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With Latino COVID-19 cases a problem for Stanislaus County, vaccine education starts now

Stanislaus County is hoping families can spread the word on the vaccine, even if it means calling your mom and convincing her to tell the family that it's safe.

STANISLAUS COUNTY, Calif. — For Stanislaus County, vaccine education for the Latino populations starts now.

With 64% of all the COVID-19 cases in the county being Latino, the way forward is inherently linked to getting the population vaccinated.

Kamlesh Kaur, a spokesperson for Stanislaus County Health Services Agency, said the Latino community was disproportionately impacted due in part to the sectors where many of them worked and due to many living in multi-generational households that spread the virus. 

Kaur said one of the key elements behind that 64% figure was the increased rates during the summer for Latinos and a lack of education and messaging.

“It (education) wasn’t as widespread at the time because it was also at the beginning of the pandemic, sort of,” Kaur said. “Since then, we have made a conscious effort in reaching out to the Latino community.”

As a result, the county upped outreach in sectors where big numbers of cases were happening. Education and outreach for warehouses, food packaging, and the agricultural sectors were amped up, and as a result, Kaur said those numbers have gone down.

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“It has paid for itself and showed the results where we’re not seeing as many cases in those sectors as we are seeing in other areas right now,” she said.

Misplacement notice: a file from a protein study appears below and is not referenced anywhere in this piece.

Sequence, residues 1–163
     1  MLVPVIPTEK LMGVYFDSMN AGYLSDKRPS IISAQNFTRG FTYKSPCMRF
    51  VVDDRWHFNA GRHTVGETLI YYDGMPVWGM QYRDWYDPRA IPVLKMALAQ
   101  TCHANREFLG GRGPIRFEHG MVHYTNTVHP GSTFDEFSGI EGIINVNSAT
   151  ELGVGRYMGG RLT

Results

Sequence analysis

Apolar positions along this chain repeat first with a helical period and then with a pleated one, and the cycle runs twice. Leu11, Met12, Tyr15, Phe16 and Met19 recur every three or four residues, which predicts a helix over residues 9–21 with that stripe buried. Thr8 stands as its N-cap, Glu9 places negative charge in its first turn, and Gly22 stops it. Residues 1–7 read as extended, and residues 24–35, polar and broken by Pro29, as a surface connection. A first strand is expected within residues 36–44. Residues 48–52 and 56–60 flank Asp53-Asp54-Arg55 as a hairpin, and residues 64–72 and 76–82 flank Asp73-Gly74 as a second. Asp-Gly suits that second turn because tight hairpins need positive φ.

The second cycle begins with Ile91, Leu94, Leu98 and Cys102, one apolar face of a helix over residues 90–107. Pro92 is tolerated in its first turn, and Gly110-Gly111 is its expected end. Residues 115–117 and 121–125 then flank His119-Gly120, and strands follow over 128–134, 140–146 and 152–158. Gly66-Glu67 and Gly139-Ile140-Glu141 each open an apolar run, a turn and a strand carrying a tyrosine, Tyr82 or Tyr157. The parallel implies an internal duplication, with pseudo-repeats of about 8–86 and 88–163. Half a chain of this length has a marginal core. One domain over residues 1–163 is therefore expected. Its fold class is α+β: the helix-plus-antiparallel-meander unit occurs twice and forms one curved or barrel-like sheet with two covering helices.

64% of total cases in the county are Latino, but for Kaur, it’s not the entire story. She said the summer months saw 50% to 60% of their cases happening in Latinos, but in the past two weeks, those numbers have dropped closer to 30%.

But the county didn’t do it alone. The surge in education and drop in cases is something that happened with the help of the grassroots organizations and people in the community.

“In some situations, there’s distrust with government, and a lot of people look up to the people that they know because they trust them – they’re faith leaders, they’re community-based organizations, they’re clinics…,” said Yamilet Valladolid, with Golden Valley Health Center (GVHC).

Valladolid said education is more than just a message to the community; it’s also about how the message is delivered and who it is delivered by. It’s part of the reason why GVHC was bringing their message straight to the people as well.

“We were doing a lot of outreach out in the farm labor camps,” Valladolid said. “We were doing a lot of outreach when it came to warehouses, nurseries… Our outreach team was ready and they’re culturally sensitive.”

While the rates in the Latino population have dropped, Valladolid said they are still concerningly high and noted that it’s up to communities to “hold the fort” until the vaccine is available to everyone.

Stanislaus County is hitting the ground running, and Kaur said vaccine education efforts have already begun.